In fact, robust (oral) information systems that do not rely on technology persist and dominate even after technology-based resources are introduced. Having studied oral information in oral cultures, oral tradition, and contemporary organizations in the United States and Finland and having introduced the concept of an oral document, I can distinguish between important and trivial utterances. While acknowledging that not everything needs to be digitized, my research seeks to inform the design of and to ensure success when investing in technological resources.
This three-year collaboration, involving Drexel College of Medicine in Philadelphia and Makerere University in Kampala, Uganda, and funded by Rotary International, brings medical professionals, health care workers, and information science researchers together to study and improve health care education and infrastructure. My role relates to the behavior and information habits of women in oral cultures as they access and process information and educational materials about health, particularly from community libraries.
CHOICES Uganda is an international, multidisciplinary effort to improve maternal and child health in Uganda by ensuring access to needed information. Professionals and researchers in health sciences, library and information science, and the performing arts collaborate with community members and organizations—in Uganda and in the United States—to create plays that help disseminate health information. The project involves creating the plays and measuring their impact.
In some cultures and situations, oral information continues to be preferred and to dominate. For example, after a child of immigrants reads some formal document, her parents may turn to her expectantly, waiting for her to translate orally the information it contains into a language they can understand. The same dynamic can occur with semiliterate adults. Other situations in which this may occur involve a crisis, an emergency, national security, domestic safety, or just a lack of time. Finally, what we say and how we say it can be impacted by the introduction of a new technology, like a system of writing. What these situations seem to have in common is the use of oral information in ways informed by the context in which they are used.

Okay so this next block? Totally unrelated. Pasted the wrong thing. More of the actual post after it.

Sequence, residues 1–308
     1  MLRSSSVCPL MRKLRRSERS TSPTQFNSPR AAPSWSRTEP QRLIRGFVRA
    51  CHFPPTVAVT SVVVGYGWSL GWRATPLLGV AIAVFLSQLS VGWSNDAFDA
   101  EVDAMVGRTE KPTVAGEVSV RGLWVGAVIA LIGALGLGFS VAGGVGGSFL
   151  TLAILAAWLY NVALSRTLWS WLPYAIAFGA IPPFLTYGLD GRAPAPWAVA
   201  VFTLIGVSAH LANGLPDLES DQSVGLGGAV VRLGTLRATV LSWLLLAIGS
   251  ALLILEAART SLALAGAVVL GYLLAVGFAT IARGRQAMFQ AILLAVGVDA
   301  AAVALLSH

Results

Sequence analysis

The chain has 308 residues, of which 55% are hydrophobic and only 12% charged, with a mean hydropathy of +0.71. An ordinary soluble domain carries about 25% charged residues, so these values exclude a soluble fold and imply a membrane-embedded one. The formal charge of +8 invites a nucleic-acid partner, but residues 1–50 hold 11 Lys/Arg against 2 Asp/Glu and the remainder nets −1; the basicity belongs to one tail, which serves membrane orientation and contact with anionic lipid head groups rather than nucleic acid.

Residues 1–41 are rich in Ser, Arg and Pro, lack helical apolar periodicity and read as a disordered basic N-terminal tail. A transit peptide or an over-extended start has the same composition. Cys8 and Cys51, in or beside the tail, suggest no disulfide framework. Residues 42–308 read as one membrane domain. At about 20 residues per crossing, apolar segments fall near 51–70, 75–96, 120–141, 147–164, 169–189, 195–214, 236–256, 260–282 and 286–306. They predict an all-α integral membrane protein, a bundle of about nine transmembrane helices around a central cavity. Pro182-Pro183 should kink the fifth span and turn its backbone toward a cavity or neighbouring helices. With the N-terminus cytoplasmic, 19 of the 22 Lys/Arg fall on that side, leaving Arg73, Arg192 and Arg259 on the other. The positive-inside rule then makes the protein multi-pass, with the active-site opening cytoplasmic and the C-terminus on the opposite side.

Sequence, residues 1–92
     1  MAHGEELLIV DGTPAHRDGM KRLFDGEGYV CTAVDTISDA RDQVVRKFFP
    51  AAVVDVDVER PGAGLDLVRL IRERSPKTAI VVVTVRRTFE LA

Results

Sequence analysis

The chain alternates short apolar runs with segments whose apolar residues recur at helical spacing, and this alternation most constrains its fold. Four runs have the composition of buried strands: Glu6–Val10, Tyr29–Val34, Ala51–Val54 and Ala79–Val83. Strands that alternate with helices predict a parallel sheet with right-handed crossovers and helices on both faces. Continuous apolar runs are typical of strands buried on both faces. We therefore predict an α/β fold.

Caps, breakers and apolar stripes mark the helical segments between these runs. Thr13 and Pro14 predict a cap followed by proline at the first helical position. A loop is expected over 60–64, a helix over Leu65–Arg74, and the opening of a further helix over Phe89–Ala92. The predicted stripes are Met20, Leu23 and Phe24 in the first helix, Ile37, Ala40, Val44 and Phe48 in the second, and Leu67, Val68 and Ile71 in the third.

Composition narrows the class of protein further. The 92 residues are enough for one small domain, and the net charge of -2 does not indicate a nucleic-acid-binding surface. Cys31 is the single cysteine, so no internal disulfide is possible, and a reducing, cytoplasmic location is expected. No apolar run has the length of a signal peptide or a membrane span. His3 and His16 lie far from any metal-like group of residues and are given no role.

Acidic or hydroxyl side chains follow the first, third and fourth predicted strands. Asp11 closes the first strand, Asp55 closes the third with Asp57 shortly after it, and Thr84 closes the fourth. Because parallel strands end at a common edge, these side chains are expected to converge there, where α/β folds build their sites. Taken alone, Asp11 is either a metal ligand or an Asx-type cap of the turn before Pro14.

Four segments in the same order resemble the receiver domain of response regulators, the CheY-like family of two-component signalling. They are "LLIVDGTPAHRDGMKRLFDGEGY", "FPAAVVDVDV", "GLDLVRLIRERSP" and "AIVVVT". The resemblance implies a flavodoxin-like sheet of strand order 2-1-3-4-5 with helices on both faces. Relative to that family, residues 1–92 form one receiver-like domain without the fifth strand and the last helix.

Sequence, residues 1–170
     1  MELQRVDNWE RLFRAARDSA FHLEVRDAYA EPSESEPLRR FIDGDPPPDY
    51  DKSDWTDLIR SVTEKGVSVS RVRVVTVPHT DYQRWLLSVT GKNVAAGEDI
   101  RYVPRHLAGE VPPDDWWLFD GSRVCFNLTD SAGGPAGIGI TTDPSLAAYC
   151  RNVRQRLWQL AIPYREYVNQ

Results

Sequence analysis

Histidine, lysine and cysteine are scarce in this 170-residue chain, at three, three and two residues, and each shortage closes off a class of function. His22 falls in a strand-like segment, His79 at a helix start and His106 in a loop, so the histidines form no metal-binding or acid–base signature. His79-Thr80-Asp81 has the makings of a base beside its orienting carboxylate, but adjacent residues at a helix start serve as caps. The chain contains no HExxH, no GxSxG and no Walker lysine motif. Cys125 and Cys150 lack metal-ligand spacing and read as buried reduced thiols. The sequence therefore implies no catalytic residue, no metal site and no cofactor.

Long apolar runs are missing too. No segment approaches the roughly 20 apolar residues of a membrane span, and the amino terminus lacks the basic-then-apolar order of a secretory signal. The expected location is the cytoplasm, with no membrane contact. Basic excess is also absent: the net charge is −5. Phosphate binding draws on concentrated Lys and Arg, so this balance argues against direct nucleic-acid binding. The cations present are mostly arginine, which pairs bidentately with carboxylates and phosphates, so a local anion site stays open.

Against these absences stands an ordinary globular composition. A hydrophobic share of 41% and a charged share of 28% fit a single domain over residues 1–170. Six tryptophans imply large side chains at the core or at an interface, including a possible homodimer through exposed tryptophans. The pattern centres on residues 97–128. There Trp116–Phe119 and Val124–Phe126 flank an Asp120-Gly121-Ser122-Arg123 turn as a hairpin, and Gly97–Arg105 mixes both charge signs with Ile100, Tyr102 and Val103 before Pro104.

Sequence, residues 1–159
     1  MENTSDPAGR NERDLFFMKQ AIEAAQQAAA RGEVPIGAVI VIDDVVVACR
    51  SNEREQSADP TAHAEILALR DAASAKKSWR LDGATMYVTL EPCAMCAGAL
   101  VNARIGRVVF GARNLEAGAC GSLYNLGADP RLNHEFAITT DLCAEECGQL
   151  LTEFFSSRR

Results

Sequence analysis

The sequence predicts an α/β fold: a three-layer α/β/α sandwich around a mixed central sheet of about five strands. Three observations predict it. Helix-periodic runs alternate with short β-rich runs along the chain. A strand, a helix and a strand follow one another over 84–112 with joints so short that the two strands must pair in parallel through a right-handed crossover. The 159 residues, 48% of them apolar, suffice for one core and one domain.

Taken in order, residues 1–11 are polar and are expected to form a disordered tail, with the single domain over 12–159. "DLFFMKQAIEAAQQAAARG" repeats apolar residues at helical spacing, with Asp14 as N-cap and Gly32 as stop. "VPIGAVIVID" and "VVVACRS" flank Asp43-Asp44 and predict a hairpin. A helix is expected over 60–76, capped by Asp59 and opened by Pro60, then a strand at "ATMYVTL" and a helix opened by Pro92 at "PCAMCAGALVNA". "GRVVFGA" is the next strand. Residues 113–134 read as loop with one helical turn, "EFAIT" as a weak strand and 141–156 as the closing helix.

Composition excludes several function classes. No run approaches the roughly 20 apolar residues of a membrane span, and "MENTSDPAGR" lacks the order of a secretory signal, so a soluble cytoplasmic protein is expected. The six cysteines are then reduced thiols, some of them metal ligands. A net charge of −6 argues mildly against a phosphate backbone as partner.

Through an understanding that acknowledges that orality evolves over time, from the first writing systems to the printing press to the Internet, my research delves into new kinds of orality to understand how people who prefer oral information evaluate, parse, and access information.
My study of video blogging, or “vlogging,” delved into questions about the nature of oral documents and social media. Studying non-traditional, oral documents can inform efforts to extend traditional library and information science practices of description, storage, and retrieval to artefacts made available through emerging media. This study extends the method used to identify a document by determining whether an online artefact incorporates one or more properties of documents, to identify how a document can incorporate a dialogue.
I worked as a research assistant under Michael Eisenberg and others on this now-completed longitudinal study that examined the impact of secondary school reform on school media centers.
Turner, Deborah, & Rodgers, Michelle. Understanding the health information infrastructure in Uganda. IEEE Transactions on Human-Machine Systems.
Turner, Deborah. The fourth orality. New Media & Society.
Turner, Deborah, and Michelle Rogers. Documents and diagnosis. Information Research.
Turner, Deborah. Sustainability and library management education. Journal of Sustainability Education.
Turner, Deborah. Reconsidering library collections: Community services as documents. Annual Meeting of the Document Academy. Sydney, Australia, July 2015. Read abstract.
Turner, Deborah. Orality, technology, and library services. Annual Meeting of the Association for Information Science and Technology . St. Louis, MO, November 2015.